Mr Abel, who started Abel and Cole more than 20 years ago, said: ‘We’ve got a fantastic workforce, we’ve got extremely hard-working people. ‘It’s just a bit of a tragedy that a considerable and significant number of them are from Eastern Europe and not the local communities given the rates of unemployment in the local area.’
He said his company could not recruit young British people to work for £7.25-an-hour as delivery drivers and that some young British people on benefits would rather receive handouts than work.
'People are not prepared to start with what they deem to be menial jobs. Terry Leahy, the head of Tesco, famously started stacking shelves. Everyone starts at the bottom.' ‘People who are in the benefits system struggle with the concept of getting out of bed at 5.30 to do a six o’clock until three o’clock shift on £7 an hour when the actual additional income they’d be taking home is initially very small,’ he told BBC Radio 5 Live.
‘The point is, the better-paid work comes for the people who start on the lower-paid work. There must be a solution whereby the Government is able to wean people off benefits rather than shut them off completely when somebody goes into a job.’
He said he would happily find roles for young British people who were out of work. ‘If people who are on the unemployment register want to ask us for jobs, we’d interview them in exactly the same way we interview anyone else,’ he added.
‘Business people are in there to do business. Politicians are in there to solve problems like unemployment.’
TERRY ROGERS - HOTEL OWNER
While horrified that more than a million young people in Britain are unemployed, I’m afraid I’m not at all surprised. After working in the catering industry for 16 years – many of those as a manager seeking to employ staff – I have come to the sad conclusion that many young people simply do not want to work.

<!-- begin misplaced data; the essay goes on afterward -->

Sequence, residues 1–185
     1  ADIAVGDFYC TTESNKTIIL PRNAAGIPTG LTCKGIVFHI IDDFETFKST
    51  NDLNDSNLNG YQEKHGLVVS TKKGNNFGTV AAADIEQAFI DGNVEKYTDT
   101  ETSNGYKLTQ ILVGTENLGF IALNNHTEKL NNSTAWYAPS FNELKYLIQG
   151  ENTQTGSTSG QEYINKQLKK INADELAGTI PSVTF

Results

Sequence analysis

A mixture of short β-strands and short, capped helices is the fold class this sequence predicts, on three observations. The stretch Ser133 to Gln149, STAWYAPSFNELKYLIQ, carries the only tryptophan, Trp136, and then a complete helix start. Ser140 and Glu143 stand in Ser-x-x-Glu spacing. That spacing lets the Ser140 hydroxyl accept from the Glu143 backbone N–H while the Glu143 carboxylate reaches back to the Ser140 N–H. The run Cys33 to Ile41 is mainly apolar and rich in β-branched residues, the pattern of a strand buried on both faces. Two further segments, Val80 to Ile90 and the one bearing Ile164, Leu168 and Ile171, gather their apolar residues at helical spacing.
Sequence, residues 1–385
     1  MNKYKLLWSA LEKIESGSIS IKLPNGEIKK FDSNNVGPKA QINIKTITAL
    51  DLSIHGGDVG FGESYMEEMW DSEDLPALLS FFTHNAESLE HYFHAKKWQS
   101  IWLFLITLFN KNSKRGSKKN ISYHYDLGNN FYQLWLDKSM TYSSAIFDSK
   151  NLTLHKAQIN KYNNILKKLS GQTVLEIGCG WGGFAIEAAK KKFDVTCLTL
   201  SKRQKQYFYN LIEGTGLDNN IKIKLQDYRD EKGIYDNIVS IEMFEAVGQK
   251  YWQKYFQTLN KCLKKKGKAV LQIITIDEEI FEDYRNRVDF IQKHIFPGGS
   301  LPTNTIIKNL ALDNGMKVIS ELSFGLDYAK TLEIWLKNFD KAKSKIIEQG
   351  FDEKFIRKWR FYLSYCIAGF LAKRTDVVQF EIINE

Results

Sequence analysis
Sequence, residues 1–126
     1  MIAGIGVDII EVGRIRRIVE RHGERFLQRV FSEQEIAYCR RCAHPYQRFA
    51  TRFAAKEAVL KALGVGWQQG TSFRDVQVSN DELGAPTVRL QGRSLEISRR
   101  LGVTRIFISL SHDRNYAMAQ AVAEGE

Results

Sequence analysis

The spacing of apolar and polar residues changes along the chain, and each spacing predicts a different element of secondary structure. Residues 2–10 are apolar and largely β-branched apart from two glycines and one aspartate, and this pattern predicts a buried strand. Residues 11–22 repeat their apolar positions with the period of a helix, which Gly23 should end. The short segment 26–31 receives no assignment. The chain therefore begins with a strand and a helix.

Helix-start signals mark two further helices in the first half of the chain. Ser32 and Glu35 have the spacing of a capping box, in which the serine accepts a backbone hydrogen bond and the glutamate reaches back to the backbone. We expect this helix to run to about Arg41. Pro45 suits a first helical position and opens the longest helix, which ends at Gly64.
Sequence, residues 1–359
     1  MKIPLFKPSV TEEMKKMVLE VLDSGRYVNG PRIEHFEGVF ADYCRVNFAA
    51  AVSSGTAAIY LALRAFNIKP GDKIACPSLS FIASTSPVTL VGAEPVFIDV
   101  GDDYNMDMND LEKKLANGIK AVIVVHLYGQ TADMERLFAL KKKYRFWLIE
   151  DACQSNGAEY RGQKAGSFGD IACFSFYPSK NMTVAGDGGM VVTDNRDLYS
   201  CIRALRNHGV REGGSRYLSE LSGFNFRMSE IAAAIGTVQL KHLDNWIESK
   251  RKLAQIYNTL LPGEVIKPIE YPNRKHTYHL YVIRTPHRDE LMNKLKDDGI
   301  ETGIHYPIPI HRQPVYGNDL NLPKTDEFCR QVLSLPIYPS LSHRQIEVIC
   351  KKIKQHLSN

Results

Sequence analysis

Of course they say they want a job. They send off job applications and turn up for interviews. But when it comes down to hard graft, they are simply not interested. The truth is that young people think the state owes them a living.
Underpinning everything is a welfare state which creates a culture where no one worries whether they have a job or not because there’s always free money from the Government to fall back on.
Also, brought up in school and home environments where criticism is practically non-existent, when they face the tough, challenging world of work, they are unable to cope.
To hear them complain about the shortage of jobs you would think they are desperate to work, willing to walk over hot coals to get a job. However, nothing could be further from the truth.
During my career, I have interviewed and employed many young people. And it shames me to say this but it was often easier to teach English to foreign applicants than it is to try to instill the right work ethic in our own English-speaking youth.
Time and again I see young people turn up for interviews wearing grubby jeans or tracksuits. They smoke and talk on the phone to their friends.